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Walking and Biking: Good for You and Your Company's Bottom Line


By Molly Duffy

Businesses are doing more to promote walking and biking, both for commuting and as part of the work day. One of the driving reasons for this movement is that millennials, the biggest percentage of the workforce, want to work for innovative companies. At the same time, companies are grappling with increasing health care costs for them and their employees. Walking and biking, as part of a company’s wellness program, accomplish many of a company’s goals regarding employee health and other aspects of sustainability.

Walking and biking provide many benefits for employers and employees alike. In case your company needs to be convinced why promoting walking and biking is such a good thing for the bottom line, here are some motives to get everyone moving.

Health benefits

Some organizations are already reaping the benefits. For example, Cleveland Clinic's employee wellness program promotes walking meetings, includes a “Walk With a Doc” component, and offers its 80,000 members insurance premium discounts, which have saved the Health Plan an estimated $80 million in unnecessary health care delivery costs over the last four years.

A whopping 75 percent of disease in the U.S. is chronic and preventable (think: obesity, heart disease and diabetes), yet walking just 20 minutes a day can make a difference. The Surgeon General’s recent Call to Action on Walking aims to make walking a national priority.

Wellness programs

It can be easy and rewarding to move your wellness program outside whether that means providing company-owned bikes for lunchtime errands or promoting walking meetings in which employees can amble through the business campus rather than slouching at the conference table.

In recent TriplePundit post, Why B Corps Should Expand their Health and Wellness Programs, author Ryan Honeyman wrote: “One of the best areas for B Corps (and other sustainable businesses) to improve is by providing health and wellness programs to their employees ... In addition to helping individual workers, healthy living programs have been shown to enhance a company’s bottom line. For example, Johnson & Johnson estimates that its health and wellness program had a return on investment of $2.71 for every dollar spent between 2002 and 2008. A study of a different employer found an even higher return: Every dollar invested in healthy interventions yielded $6 in health-care savings.”

Meeting sustainability goals

Walking and biking can help to meet multiple sustainability goals including those pertaining to wellness, transportation and employee engagement. For example an organization can score LEED points for installing bike commuter facilities like showers and bike storage and for developing safe routes to transit.

Active transportation

Bike shares and bike-to-work programs reduce traffic congestion. Even biking or walking to lunch and lunchtime errands can help. TriplePundit’s post Practical Ways to Incorporate a Holistic Wellness Program into Your Organization suggested Zagster as an easy way to get started with a bike share.

But is your workplace walkable and bikeable?

According to the 2015 National Community and Transportation Preference Survey, millennials favor walking over driving by a substantially larger margin than any other generation. Still, many places simply aren’t safe enough to walk or bike. Small steps toward making our workplaces and neighborhoods more walkable and bikeable can make great strides if in doing so we create new advocates for walkability and bikeability.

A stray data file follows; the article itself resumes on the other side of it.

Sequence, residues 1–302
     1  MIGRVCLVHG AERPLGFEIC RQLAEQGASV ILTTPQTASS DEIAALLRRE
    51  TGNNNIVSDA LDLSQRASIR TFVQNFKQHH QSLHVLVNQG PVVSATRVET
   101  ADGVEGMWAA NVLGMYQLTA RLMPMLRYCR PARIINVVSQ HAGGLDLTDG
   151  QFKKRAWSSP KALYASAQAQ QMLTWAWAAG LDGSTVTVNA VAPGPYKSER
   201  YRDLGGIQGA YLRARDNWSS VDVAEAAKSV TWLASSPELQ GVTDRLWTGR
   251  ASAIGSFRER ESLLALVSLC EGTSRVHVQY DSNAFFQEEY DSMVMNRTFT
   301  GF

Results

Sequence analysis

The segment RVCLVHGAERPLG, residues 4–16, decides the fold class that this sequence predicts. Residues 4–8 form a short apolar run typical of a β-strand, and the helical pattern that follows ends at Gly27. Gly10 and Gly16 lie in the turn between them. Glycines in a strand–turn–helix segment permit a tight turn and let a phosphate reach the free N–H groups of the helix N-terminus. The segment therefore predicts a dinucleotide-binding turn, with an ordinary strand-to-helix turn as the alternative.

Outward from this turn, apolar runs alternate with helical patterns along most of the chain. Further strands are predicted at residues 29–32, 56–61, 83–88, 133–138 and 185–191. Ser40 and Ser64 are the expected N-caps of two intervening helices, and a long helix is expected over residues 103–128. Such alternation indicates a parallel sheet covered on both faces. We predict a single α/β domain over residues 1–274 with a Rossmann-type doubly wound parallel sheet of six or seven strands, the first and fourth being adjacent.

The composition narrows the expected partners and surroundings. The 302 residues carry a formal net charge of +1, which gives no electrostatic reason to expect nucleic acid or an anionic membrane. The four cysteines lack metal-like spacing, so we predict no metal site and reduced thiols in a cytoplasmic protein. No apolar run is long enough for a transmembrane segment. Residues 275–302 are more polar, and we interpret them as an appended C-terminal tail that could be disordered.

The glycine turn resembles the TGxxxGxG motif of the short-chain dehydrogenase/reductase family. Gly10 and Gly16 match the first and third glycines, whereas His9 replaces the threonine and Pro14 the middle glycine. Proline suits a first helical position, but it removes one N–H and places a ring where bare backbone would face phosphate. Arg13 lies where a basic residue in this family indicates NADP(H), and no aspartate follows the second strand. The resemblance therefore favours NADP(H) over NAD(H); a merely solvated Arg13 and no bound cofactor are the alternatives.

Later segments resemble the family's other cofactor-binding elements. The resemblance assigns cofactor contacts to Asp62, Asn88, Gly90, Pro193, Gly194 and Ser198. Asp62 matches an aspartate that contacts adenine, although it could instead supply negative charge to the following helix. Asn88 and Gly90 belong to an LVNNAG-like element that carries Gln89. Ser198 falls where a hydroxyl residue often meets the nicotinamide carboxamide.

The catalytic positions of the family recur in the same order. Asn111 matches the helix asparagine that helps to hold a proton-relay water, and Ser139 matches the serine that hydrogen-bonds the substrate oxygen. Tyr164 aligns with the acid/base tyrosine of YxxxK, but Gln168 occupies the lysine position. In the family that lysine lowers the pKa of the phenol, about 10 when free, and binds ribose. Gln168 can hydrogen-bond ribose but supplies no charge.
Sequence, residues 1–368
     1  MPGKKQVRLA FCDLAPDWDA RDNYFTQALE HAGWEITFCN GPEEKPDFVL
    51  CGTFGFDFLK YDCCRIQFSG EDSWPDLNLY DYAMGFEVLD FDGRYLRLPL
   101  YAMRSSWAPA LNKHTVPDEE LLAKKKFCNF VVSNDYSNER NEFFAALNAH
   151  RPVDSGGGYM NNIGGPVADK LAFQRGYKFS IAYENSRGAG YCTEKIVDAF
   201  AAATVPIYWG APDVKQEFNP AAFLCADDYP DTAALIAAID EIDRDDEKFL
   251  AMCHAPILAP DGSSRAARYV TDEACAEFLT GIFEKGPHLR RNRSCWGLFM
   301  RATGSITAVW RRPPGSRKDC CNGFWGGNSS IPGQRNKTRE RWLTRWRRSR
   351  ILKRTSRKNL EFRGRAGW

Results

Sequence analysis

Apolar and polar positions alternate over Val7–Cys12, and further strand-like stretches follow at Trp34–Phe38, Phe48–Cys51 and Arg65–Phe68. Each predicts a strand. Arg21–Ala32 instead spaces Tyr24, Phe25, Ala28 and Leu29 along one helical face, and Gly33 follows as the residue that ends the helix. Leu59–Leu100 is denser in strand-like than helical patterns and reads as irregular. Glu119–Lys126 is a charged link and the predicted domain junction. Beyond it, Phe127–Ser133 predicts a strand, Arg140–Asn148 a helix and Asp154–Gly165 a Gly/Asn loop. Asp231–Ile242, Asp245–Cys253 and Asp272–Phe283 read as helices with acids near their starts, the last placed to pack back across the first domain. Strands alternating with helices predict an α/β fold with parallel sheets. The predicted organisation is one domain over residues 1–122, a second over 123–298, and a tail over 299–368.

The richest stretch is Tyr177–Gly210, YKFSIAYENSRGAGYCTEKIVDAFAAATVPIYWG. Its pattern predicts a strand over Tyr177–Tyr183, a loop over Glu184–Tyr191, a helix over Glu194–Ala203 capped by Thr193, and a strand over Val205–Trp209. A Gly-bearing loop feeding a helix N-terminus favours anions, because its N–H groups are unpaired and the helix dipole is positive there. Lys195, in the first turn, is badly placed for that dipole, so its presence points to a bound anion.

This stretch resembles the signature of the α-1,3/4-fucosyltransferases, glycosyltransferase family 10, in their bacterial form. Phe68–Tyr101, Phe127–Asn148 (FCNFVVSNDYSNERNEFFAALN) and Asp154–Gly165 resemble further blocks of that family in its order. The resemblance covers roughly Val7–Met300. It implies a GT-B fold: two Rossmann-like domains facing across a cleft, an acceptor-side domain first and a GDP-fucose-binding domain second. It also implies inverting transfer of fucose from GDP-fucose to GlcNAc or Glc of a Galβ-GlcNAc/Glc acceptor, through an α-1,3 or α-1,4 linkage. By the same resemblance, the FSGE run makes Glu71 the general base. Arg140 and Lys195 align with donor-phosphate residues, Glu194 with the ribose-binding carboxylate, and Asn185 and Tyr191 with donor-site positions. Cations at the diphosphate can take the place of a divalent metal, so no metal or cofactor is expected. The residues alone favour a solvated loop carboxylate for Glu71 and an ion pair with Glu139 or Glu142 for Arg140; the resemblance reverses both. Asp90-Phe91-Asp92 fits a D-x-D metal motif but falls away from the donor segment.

At a time when complete streets are the goal of so many local governments, corporations and their employees can be a loud voice in the conversation. We need places to walk and bike. Across the nation, suburban corporate office parks are planning and retrofitting to ensure that they are both walkable and bikeable. They’re also adding residential and recreational components. While the term “live work play” may be trendy, the concept is not. It hearkens back to what was originally called a town.

Over the past decades, our society has slid into the habit of driving everywhere and sitting once we arrive at every destination, except for the gym. The average American is more than 24 pounds heavier today than in 1960. Now, we are taking a stand against sitting and realizing that if we make walking and biking and standing part of the day, we feel better, work smarter and might not even have to drive to the gym.

Logic aside, walking simply makes us feel good, and when we feel good, we can’t help but do a good job. Good for our bottoms and our company’s bottom line.

What do you think? Do you walk or bike to or at work? Would you if you could?

Image credits: 1) Pixabay 2) Pixabay

For over 20 years, Molly Fontanesi Duffy, Esq. has focused on solving a broad range of environmental and social problems. She has worked with nonprofit organizations, government and businesses, serving in many different capacities including: management, fundraising, legal and policy work, outreach and communications. Currently, she is working with Rails to Trails Conservancy to create partnerships between hospitals and local trail groups.

An active community volunteer, Molly served as chairman of the Tredyffrin Township Environmental Advisory Council and co-founded the township’s Sidewalks Trails and Paths Committee. Currently, she serves on the board of the Open Land Conservancy of Chester County.

She gets her best ideas when she is walking.

Follow Molly on Twitter @mollyfduffy

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